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Curr Opin Anaesthesiol. 2009 Apr;22(2):261-6. doi: 10.1097/ACO.0b013e328325a6d9.

Coagulopathy in trauma patients: importance of thrombocyte function?

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1
Queen Mary University of London, Barts and the London School of Medicine & Dentistry London, UK.

Abstract

PURPOSE OF REVIEW:

Trauma-induced coagulopathy results from a complex interplay between shock resuscitation and impaired clotting protease function. A pathophysiological role of platelets in this condition remains as yet undefined. This review examines our current knowledge of platelet function in haemostasis, possible mechanisms for aberrant activity in trauma and the role of platelet transfusions in exsanguinating haemorrhage.

RECENT FINDINGS:

Platelet adhesion and aggregation enable a haemostatic plug to form at the site of vessel injury. As described within cell-based models of thrombin generation, platelet membranes provide a platform to amplify clot formation. There is evidence to suggest platelet activity may be of greater importance than platelet number for clot integrity. Analysis of platelet function is limited by currently available devices. Therefore, the precise role and triggers for platelet transfusion in trauma have yet to be fully characterized. Retrospective studies show that early high-volume platelet transfusion in trauma may be associated with similar outcome benefits observed in high ratio plasma: red blood cell replacement.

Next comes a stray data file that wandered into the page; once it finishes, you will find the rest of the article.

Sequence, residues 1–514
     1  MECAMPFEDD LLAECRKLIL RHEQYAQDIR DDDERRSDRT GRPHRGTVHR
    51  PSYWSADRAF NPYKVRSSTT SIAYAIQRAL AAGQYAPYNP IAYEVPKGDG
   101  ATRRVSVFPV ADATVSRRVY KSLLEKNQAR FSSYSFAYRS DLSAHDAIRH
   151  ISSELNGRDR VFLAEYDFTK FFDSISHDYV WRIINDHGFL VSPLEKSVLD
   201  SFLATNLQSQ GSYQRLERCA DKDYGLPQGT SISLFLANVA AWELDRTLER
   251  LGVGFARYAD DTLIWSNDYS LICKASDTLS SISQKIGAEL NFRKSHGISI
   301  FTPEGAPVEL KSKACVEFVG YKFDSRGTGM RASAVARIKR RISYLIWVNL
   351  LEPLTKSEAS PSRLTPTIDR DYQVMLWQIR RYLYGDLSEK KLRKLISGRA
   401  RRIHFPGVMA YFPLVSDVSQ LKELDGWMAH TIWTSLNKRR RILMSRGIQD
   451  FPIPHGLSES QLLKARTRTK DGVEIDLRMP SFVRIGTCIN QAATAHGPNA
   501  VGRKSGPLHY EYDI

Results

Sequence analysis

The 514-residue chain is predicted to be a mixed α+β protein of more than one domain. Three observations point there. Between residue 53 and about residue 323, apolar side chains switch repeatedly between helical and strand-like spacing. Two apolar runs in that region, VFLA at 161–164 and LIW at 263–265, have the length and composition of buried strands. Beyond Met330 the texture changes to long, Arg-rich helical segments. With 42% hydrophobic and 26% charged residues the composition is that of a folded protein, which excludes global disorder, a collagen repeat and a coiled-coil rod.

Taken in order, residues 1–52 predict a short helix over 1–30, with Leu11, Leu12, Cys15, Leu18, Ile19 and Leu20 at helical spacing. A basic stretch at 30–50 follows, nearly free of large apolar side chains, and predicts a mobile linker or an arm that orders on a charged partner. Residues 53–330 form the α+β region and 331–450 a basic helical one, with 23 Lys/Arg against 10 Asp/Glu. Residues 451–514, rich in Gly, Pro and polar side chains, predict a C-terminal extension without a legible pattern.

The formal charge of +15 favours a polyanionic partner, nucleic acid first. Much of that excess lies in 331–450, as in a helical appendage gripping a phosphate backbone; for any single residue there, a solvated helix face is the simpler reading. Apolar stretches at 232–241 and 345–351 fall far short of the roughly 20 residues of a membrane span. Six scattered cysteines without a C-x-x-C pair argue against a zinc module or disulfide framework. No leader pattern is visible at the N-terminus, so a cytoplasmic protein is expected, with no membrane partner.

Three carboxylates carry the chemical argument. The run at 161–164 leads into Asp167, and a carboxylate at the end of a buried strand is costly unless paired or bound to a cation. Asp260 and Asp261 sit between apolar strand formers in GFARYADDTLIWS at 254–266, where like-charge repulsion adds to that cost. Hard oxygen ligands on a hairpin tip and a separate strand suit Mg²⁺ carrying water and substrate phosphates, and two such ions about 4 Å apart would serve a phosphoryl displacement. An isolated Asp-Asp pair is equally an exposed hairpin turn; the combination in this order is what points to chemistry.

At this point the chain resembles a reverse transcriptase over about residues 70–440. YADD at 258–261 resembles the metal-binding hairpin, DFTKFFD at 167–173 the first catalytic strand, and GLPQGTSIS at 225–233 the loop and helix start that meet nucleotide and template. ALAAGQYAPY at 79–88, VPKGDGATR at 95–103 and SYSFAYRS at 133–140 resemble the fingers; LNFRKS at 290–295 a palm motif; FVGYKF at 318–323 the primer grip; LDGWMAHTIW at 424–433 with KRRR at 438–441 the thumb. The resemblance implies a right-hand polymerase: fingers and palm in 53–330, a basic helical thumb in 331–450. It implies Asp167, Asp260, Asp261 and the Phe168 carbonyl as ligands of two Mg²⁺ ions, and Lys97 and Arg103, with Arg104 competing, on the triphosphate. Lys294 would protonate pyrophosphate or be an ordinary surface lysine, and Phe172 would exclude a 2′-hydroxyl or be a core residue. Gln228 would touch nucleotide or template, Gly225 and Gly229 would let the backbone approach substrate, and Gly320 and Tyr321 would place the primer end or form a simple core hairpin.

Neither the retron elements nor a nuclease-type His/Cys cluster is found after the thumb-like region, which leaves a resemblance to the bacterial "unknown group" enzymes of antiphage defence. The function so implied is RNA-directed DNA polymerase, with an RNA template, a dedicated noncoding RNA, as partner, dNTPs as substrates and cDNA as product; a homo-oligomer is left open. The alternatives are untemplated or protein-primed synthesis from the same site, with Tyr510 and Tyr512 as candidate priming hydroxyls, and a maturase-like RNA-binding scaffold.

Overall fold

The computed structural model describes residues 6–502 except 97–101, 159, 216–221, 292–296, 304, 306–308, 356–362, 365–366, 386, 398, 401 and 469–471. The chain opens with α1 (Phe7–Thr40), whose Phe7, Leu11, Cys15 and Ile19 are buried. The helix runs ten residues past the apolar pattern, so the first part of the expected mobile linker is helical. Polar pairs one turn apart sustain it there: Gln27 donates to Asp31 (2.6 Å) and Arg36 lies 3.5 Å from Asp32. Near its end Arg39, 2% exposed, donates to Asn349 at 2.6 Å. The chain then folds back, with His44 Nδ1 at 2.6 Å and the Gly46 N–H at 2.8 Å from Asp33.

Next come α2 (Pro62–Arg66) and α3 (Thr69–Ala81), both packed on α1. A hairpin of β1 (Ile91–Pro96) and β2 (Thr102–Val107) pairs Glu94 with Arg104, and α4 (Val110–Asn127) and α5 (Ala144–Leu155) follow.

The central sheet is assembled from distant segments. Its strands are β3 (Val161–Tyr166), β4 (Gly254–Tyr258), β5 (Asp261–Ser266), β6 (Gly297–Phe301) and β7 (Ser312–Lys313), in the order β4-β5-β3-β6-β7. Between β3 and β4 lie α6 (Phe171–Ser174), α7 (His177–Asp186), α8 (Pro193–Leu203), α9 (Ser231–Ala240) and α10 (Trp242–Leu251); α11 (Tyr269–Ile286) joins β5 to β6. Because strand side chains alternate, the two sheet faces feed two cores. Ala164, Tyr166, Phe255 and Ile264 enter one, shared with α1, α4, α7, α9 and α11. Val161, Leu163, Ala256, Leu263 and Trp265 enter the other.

SUMMARY:

Platelets undoubtedly play a pivotal role in haemostasis and trauma-induced coagulopathy. However, their specific dysfunction in trauma remains to be elucidated. Further research to characterize the dysfunctional pathways of the platelet response is required, together with clinical trials of the optimal timing and dose of platelet transfusions.

PMID:
19390252
DOI:
10.1097/ACO.0b013e328325a6d9
[Indexed for MEDLINE]
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